After the game, Rashad's performance was applauded by multiple teammates and coaches, including Hall of Fame teammate Charles Barkley. He had previously expressed doubts about Rashad, but said that "he made it, and that's all that matters." Rick Mahorn, another teammate, said "What the hell, his two points really made a difference."[26]

In a post-game interview, Rashad announced his retirement from the game of basketball, and he was waived from the team.

NBA career statistics

  GP Games played   GS  Games started  MPG  Minutes per game
 FG%  Field goal percentage  3P%  3-point field goal percentage  FT%  Free throw percentage
 RPG  Rebounds per game  APG  Assists per game  SPG  Steals per game
 BPG  Blocks per game  PPG  Points per game  Bold  Career high


1990–91 Philadelphia 1 0 2.5 1.000 .000 .000 0.0 0.0 0.0 0.0 2.0

Crypto Enthusiast and NFT Collector

In 2017, Rashad started exploring the cryptocurrencies and blockchain technology. Initially captivated by the potential of digital currencies like Bitcoin. Rashad, being an investor of NBA Topshot, became deeply invested in NFTs.[citation needed]

Personal life

Rashad has been married five times and divorced four. He has fathered a total of six children, including a son, Geoffrey Simmons, born to his high school girlfriend Melody Neal. The boy was put up for adoption in 1967. After he turned 18, he contacted his father through Amara (formerly the Medina Adoption Agency) in 2005, and the pair met for the first time. Simmons also had learned that his biological mother, Melody Neal, died from cancer in 1991.[29]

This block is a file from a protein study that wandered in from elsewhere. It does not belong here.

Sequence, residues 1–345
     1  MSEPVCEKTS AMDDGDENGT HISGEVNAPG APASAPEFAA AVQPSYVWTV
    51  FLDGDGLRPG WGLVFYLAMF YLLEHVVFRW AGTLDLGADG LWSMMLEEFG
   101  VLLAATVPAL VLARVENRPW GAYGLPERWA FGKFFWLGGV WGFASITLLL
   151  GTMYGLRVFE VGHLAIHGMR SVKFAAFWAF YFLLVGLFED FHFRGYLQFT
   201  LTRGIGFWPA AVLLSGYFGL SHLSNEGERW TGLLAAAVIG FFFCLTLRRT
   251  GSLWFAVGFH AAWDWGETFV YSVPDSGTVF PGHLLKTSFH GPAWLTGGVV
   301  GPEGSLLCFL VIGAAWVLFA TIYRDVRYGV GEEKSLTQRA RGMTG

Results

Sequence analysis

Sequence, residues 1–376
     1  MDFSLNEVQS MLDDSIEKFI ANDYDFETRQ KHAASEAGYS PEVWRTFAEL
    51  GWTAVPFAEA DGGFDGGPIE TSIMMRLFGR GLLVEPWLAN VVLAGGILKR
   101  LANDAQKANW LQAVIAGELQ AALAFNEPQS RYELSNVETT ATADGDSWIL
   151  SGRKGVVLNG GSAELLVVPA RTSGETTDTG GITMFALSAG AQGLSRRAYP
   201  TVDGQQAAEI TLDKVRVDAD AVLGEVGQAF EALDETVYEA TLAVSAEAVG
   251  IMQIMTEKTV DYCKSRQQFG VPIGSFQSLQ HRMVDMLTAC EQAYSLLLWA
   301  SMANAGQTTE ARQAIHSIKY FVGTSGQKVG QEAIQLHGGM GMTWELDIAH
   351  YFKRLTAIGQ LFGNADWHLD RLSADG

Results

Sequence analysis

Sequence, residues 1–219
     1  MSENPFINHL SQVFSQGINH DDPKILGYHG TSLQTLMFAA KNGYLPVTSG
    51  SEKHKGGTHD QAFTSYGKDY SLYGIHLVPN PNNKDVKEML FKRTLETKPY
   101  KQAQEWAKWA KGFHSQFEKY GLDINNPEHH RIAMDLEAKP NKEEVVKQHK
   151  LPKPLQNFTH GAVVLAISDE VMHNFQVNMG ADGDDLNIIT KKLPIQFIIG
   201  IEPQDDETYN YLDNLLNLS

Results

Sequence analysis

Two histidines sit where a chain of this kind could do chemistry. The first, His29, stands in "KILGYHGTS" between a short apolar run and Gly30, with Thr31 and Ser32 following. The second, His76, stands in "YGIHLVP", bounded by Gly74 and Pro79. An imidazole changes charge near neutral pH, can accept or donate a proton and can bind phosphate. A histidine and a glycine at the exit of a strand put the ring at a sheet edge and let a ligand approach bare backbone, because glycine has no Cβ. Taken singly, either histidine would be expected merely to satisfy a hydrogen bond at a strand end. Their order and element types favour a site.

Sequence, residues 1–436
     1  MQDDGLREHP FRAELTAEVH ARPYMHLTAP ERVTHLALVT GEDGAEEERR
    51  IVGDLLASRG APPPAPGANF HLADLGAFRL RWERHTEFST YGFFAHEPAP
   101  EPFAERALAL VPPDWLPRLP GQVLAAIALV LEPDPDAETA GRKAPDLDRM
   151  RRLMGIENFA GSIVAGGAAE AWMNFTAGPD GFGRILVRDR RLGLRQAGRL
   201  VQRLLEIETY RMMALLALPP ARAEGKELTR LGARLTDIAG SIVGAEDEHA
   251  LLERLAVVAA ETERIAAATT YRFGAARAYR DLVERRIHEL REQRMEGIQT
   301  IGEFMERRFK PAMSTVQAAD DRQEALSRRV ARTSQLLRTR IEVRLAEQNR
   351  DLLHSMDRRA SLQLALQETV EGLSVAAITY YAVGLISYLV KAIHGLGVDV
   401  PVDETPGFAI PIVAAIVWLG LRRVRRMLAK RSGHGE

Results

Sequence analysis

In 1969, Rashad married for the first time, to Deidre Waters. They had a daughter, Keva, born in 1970. That year Rashad also fathered a son, Sean, born to another woman.[29]

After divorcing his first wife, in 1976, Rashad married his second wife, Matilda Johnson. They had two children together, daughter Maiyisha (born in 1976) and son Ahmad Jr. (born in 1978). They divorced in 1979.[29]

In 1985, Rashad married actress Phylicia Ayers-Allen, known for her work on The Cosby Show. He proposed to her earlier that year on national television during the pregame show of NBC's broadcast of the Thanksgiving Day football game, between the Detroit Lions and the New York Jets.[30] It was the third marriage for each of them. Rashad gained a stepson Billy Bowles (born 1973 during her first marriage). After a year of marriage, they had a daughter together, Condola Phylea Rashād, named after his mother. In 2001, after nearly sixteen years of marriage, they divorced.[29]